The precocious obsessive is a familiar high-school type, particularly among boys, but the object of Schaap’s obsession was a peculiar one among his classmates. “The lonely days were adolescence,” he admitted. “My peer group thought I was out of my mind. But, even then, kids knew basic things about jazz. Teddy Goldstein knew ‘Take the A Train.’ But he kept telling me, ‘Don’t you know what the Beatles are doing? Your world is doomed!’ ”
When he was in his teens, Schaap played the trumpet. He took theory classes at Columbia. “I even got a lesson in high notes from Roy Eldridge,” he said. But his playing, especially his intonation, was mediocre. “I put my trumpet in its case and that was it,” he said. “March 11, 1974.”
Schaap learned to serve the music anyway. In the wake of the Columbia campus strikes in 1968, a group of students set out to get rid of WKCR’s “classroom of the air” gentility. “All of us were listening to the Grateful Dead and Jimi Hendrix, but we knew that all of that stuff was available elsewhere,” Schaap told me over a burger near Lincoln Center. “Jimi Hendrix didn’t need WKCR.” And so the station began broadcasting jazz, including multi-day festivals on Albert Ayler (1970), John Coltrane (1971), Charles Mingus (1972), Archie Shepp (1972), and Charlie Parker (1973). During the 1973 Parker festival, Schaap did two forty-eight-hour work shifts, splitting his time between WKCR and his paying job, at the university’s identification-card office. “On Friday, August 31, 1973, I had to get to the I.D.-card office,” he recalled. “The last record I played was ‘Scrapple from the Apple.’ Recorded November 4, 1947. The C take. On Dial. But I think I played the English Spotlite label. Anyway, I entered the back stairwell and the record was still playing in my head”—Schaap interrupted himself to hum Parker’s solo—“and then I was out on a Hundred and Fourteenth Street and I could hear it playing from the buildings, from the open windows. That was a turning point in the station’s history. The insight was that Charlie Parker was at least tolerable to all people who liked jazz. If you idolized King Oliver, you could tolerate Charlie Parker, and if you think jazz begins with John Coltrane playing ‘Ascension’ you can still listen to Bird, too.”
Musicians were beginning to tune in. During a Thelonious Monk festival, one of the d.j.s went on about how Monk created art out of “wrong notes.” Monk, who rarely spoke to anyone, much less a college student, called the station and, on the air, declared, “The piano ain’t got no wrong notes.” In 1979, Schaap was at the center of a Miles Davis festival at a time when Davis was a near-recluse living off Riverside Drive. Davis started calling the station, dozens and dozens of calls—“mad, foul, strange calls,” Schaap recalled. Davis’s inimitable voice, low and sandpapery, was unnerving for Schaap. But then one day—“Friday, July 6, 1979”—his tone changed, and for nearly three hours the two men went over the details of “Agharta,” one of his later albums. Finally, after Schaap had clarified every spelling, every detail, Davis said, “You got it? Good. Now forget it. Play ‘Sketches of Spain’! Right now!”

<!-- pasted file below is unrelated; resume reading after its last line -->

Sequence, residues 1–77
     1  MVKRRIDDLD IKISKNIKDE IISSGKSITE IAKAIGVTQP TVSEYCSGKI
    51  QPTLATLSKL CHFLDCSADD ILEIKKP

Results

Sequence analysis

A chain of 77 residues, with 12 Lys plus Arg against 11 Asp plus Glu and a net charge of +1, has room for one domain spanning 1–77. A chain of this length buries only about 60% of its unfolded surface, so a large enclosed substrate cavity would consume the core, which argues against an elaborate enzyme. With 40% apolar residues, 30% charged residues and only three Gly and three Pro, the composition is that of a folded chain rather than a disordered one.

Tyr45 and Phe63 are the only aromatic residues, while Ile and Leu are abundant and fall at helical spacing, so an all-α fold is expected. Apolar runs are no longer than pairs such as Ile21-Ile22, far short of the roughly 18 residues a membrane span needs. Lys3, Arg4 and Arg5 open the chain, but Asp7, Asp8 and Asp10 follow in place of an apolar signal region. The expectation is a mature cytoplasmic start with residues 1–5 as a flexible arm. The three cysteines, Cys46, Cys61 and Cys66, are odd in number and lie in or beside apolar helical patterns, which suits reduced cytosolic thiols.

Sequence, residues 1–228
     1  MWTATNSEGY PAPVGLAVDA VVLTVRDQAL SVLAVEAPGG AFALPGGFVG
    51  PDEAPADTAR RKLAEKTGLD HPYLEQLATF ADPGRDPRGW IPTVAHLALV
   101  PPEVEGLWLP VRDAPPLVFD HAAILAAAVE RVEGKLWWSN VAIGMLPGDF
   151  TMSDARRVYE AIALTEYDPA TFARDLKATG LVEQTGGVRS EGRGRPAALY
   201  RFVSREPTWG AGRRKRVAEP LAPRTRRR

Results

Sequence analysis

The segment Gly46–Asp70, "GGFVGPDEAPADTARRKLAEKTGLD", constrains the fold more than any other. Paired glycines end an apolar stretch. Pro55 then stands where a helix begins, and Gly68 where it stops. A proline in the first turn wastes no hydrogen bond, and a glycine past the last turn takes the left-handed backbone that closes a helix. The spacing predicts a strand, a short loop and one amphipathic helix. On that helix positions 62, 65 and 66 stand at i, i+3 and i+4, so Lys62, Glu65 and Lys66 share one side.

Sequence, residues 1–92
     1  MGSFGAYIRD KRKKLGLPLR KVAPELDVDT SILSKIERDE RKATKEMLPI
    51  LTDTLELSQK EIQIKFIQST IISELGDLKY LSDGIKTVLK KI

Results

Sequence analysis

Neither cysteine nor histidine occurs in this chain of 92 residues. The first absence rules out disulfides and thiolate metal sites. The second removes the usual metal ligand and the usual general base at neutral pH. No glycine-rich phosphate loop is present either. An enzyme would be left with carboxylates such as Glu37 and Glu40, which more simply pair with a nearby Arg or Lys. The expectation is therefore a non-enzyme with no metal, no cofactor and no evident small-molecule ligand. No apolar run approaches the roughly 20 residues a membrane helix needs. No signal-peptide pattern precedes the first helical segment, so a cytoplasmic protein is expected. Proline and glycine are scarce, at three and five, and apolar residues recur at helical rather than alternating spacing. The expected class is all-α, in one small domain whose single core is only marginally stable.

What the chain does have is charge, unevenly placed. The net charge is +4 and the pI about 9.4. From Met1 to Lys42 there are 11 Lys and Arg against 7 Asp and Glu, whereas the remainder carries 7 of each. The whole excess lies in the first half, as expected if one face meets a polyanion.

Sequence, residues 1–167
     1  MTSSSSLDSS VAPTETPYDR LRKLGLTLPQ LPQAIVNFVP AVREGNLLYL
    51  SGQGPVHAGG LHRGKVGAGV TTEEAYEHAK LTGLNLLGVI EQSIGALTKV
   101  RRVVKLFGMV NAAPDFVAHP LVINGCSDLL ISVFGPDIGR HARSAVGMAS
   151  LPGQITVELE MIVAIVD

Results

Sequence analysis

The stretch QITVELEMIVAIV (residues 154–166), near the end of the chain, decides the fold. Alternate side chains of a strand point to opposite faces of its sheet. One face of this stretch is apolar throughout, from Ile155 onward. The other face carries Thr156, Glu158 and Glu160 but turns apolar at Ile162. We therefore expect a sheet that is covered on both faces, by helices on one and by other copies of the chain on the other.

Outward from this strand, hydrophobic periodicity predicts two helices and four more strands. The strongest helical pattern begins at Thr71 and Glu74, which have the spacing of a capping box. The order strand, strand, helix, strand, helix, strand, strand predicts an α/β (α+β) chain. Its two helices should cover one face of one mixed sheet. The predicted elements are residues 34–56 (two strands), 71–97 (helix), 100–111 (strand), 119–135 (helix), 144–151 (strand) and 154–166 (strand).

Just after starting as a d.j., Schaap began organizing musical programs, mainly at the West End, on Broadway at 113th Street. He managed the Countsmen—former sidemen for Count Basie—along with other groups made up of refugees from other big bands, and got them work. Older musicians, such as Jo Jones, Sonny Greer, Sammy Price, Russell Procope, and Earle Warren, who had known Schaap as an eccentric teen-ager now welcomed him as a meal ticket.
“When I was a child, I lived under the illusion that these performers, who put on such an excellent front, dressed to the nines and acting like kings, made real money,” Schaap said. He lost that innocence about forty years ago, when he happened to glance at a check made out to Benny Morton, a trombonist who had been with the Fletcher Henderson and Basie bands. “It was for fifty-eight dollars, and it was for a gig at Carnegie Hall,” Schaap recalled. Jazz reached its commercial peak in the mid-nineteen-forties, but by 1950 the ballrooms had closed down. The postwar middle class no longer went out dancing; they were watching television and listening to records at home. The clubs on Fifty-second Street—the Onyx, the Famous Door, the Three Deuces—disappeared. Eventually, rock and roll displaced jazz as America’s popular music. World-class musicians were scrounging for work. Performers who had enjoyed steady employment took second jobs as messengers on Wall Street, bus drivers, and bank guards. For comradeship, they were hanging out at the Chock Full o’ Nuts at Fiftieth and Broadway and at a few bars around town.
“Phil took these guys out of the Chock Full o’ Nuts and put them on the stage of the West End,” Loren Schoenberg, the executive director of the National Jazz Museum in Harlem, told me. “So for the young people who idolized them, and guys who’d never heard of them, Phil brought them to us.” Screamin’ Jay Hawkins, an early rhythm-and-blues star, used to call Phil Schaap’s mother at home and beg her to get her son to do for him what he’d done for the horn players of the Basie band.